1.1 Introduction

Figure 5. Word cloud generated from early survey responses at the beginning of the Commons project.
Figure 5. Word cloud generated from early survey responses at the beginning of the Commons project.  Hargreaves Associates.

If I knew I had eight hours to chop down a tree, I’d spend the first six of them sharpening my axe.

– Abraham Lincoln

Proper Planning and Preparation Prevents Piss Poor Performance.

– The “7 Ps” is an old British Army Adage

I start with Abraham Lincoln’s quote because it sums up the point of this chapter.

Public projects are really difficult. In the private sector a project is measured simply by whether or not it works economically – if it is profitable. In the public sector, however, while economics matter, a project must also help a city or government to achieve a number of other policy objectives determined by our elected representatives, based on the interests and demands of their constituents – the voters. These objectives might include designs that are iconic, user-friendly, welcoming to all, equitable, accessible, and sustainable, as well as those that protect or restore habitats and the environment, manage stormwater, provide for public art, and ensure that economically disadvantaged firms receive a fair share of contracts and minority and women workers get jobs. As compared to a private sector project, it can be more challenging to balance such objectives with costs and economic performance. This is even more difficult with public realm projects where there are many more interested stakeholders – including every member of the public.

One of the big challenges with any project and particularly this type is that it is impossible at the beginning to know how it will turn out in the end but you have to start somewhere, so the question is, when you know that you will be “building the ship while you are sailing it,” when do you know enough to get started? You can increase your chances of success with thorough project planning at the beginning and that includes trying to imagine every possible contingency and event that might happen – and how you might respond or react to it. The saying goes “plan the work and work the plan.”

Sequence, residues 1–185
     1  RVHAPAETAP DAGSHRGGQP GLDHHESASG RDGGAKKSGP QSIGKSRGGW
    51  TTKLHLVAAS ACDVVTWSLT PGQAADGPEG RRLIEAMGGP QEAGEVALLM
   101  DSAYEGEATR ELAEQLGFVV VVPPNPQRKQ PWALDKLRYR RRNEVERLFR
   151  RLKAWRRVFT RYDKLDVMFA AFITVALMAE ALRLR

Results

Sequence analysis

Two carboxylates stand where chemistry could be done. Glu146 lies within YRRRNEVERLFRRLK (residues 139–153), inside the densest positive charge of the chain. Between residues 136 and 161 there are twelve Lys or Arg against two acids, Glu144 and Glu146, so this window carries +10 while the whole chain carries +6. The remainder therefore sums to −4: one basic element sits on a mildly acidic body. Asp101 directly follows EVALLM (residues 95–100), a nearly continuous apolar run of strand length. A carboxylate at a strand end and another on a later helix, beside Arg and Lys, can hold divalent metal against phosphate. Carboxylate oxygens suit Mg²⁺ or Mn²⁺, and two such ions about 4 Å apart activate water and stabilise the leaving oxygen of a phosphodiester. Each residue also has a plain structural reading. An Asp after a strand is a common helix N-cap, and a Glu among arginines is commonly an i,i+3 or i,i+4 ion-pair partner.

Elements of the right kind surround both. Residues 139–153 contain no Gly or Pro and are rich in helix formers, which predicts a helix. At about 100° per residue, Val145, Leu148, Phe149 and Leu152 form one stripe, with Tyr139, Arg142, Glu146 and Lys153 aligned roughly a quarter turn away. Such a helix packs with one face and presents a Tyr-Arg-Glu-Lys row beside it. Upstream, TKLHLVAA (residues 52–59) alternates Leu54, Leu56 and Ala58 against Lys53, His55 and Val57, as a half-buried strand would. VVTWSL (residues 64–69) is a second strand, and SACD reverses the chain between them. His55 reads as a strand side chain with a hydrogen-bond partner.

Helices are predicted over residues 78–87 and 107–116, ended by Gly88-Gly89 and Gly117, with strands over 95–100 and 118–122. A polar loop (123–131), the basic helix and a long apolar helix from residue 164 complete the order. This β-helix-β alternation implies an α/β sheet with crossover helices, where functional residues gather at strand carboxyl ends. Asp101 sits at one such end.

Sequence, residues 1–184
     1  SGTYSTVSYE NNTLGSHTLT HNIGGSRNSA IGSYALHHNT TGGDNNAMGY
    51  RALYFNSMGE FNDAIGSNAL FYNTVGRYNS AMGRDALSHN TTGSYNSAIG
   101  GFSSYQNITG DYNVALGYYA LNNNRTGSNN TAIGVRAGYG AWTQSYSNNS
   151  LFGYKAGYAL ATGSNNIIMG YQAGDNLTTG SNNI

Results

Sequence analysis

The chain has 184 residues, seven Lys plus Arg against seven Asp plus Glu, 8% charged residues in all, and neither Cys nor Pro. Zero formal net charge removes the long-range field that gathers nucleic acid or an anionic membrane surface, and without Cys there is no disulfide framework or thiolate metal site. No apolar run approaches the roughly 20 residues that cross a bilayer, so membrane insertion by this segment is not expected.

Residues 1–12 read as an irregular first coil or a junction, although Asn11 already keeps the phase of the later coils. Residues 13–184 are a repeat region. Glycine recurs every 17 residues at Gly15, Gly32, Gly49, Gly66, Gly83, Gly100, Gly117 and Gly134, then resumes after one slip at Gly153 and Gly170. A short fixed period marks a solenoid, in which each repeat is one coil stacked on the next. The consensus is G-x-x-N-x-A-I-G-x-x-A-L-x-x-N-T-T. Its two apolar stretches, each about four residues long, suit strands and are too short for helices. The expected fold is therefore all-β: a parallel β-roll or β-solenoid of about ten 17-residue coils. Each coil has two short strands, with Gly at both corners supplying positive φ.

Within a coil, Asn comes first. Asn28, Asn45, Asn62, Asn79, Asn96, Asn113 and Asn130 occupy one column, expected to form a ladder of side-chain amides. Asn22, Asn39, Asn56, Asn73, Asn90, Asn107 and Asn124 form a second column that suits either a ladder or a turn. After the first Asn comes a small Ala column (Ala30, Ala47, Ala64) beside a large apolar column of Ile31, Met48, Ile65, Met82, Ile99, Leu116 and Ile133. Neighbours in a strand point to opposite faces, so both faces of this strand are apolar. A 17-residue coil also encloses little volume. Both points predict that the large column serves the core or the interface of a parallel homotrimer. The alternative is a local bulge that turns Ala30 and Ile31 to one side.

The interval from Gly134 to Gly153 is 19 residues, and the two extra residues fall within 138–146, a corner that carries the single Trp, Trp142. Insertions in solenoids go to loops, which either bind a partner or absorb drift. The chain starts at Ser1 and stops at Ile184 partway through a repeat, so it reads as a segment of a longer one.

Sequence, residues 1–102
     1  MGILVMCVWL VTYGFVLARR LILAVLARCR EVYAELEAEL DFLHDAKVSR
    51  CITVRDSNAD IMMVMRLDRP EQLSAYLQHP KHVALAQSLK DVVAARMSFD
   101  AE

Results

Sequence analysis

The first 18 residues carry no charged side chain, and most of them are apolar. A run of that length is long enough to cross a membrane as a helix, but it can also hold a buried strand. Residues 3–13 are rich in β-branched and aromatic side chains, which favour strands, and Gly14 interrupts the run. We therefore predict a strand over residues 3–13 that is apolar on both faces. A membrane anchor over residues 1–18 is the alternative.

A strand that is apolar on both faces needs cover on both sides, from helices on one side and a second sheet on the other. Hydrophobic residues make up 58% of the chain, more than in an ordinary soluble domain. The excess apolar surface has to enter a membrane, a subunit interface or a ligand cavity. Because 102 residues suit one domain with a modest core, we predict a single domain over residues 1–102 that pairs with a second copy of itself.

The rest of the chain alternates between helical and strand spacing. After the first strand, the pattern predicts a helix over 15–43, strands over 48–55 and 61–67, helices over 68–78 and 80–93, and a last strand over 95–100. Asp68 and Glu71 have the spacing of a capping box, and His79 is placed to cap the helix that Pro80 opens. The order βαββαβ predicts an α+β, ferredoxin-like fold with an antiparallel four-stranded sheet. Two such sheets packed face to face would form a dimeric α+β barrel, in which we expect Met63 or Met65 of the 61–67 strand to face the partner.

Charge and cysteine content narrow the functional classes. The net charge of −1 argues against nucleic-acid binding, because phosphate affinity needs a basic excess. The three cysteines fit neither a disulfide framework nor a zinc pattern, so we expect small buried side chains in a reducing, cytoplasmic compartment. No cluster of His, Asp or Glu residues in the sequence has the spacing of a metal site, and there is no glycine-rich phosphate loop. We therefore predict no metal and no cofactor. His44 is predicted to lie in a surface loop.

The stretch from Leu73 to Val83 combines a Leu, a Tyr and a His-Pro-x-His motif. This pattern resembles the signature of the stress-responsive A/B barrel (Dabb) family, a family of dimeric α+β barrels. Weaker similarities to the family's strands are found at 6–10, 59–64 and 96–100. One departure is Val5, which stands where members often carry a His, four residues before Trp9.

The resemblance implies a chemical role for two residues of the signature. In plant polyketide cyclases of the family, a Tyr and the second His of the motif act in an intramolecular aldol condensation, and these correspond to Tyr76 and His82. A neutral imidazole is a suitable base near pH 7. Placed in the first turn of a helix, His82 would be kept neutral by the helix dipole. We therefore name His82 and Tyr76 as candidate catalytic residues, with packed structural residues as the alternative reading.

Good project planning will eliminate some variables and reduce risk although unexpected things will still happen. If you have planned well, however, there will be fewer distractions, so you will have the energy and capacity left to manage the completely unexpected events, which will also happen. Another good planning axiom goes, “how you finish has to do with how you start,” which means that if you start organized, you increase your chances of successfully completing the project but if you start disorganized, you may have less control over how the project turns out.   Another, more cautionary saying is “if you don’t know which way you are going, any road will get you there.” I interpret this two ways: 1) better to know which way you are going before you set out, if possible, but 2) if you aren’t sure, it may still be better to get started than just stand still – you’ll get somewhere and some action will lead to learning and clarification of direction. A last summary approach is, “get a plan, create the vision, find the money, assemble the team, and go for it.”

In this chapter we will consider these topics:

  • Definitions: What is the “Urban Public Realm?”
  • Types of Urban Public Realm Projects
  • WWWWWH: Who, what, where, why, when, how?
  • Timing, and how does it all start?


Producing the Urban Public Realm: Field Notes on Project Implementation Copyright © by Peter Hendee Brown. All Rights Reserved.

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